Air pollution and subsequent increased oxidative stress have long been recognized as contributing factors for asthma phenotypes. Individual susceptibility to oxidative stress is determined by genetic variations of the antioxidant defence system. In this study, we analysed the association between environmental nitrogen dioxide (NO2) exposure and single nucleotide polymorphisms (SNP) in NFE2L2 and KEAP1 genes and their common impact on asthma risk. We genotyped 12 SNPs in a case-control study of 307 patients diagnosed with asthma and 344 controls. NO2 concentration was collected from the period preceding the development of asthma symptoms. Multiple logistic regression was applied to evaluate the effects of the studied genetic variations on asthma outcomes in interaction with NO2 exposure. Our data showed that genotypes of rs2588882 and rs6721961 in the regulatory regions of the NFE2L2 gene were inversely associated with infection-induced asthma (odds ratio (OR)00.290, p00.0015, and OR00.437, p0 0.007, respectively). Furthermore, case-only analyses revealed significant differences for these SNPs between asthma patients that lived in modestly or highly polluted environment (OR00.43 (0.23-0.82), p00.01, and OR0 0.51, p00.02, respectively, in a dominant model). In conclusion, our results throw some new light upon the impact of NFE2L2 polymorphisms on infection-induced asthma risk and their effect in gene-environment interactions.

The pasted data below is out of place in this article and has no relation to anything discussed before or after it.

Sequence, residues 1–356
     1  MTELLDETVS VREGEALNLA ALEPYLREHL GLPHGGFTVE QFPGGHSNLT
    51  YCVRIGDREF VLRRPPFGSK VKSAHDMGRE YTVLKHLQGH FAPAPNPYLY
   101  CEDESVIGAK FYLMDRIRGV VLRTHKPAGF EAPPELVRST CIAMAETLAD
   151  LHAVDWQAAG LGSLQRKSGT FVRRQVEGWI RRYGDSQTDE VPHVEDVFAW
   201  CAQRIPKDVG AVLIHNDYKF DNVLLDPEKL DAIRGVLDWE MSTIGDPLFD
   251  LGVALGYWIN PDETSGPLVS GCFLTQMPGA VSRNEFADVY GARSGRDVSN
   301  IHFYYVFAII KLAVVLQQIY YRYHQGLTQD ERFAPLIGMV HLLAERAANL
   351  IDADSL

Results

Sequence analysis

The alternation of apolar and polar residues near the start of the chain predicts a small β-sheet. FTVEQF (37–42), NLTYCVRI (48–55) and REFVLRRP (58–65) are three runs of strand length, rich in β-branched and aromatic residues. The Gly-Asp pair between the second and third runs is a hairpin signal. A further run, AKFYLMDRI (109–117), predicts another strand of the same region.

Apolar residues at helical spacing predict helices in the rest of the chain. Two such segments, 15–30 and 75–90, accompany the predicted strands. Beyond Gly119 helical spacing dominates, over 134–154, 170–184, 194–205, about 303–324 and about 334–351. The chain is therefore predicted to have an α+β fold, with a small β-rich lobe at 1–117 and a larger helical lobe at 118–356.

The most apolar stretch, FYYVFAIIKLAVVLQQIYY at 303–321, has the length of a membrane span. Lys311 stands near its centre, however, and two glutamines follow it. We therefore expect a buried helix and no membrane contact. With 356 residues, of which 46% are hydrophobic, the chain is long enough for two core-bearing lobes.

- Infection-induced asthma
- Nitrogen dioxide
- Oxidative stress
ASJC Scopus subject areas
- Public Health, Environmental and Occupational Health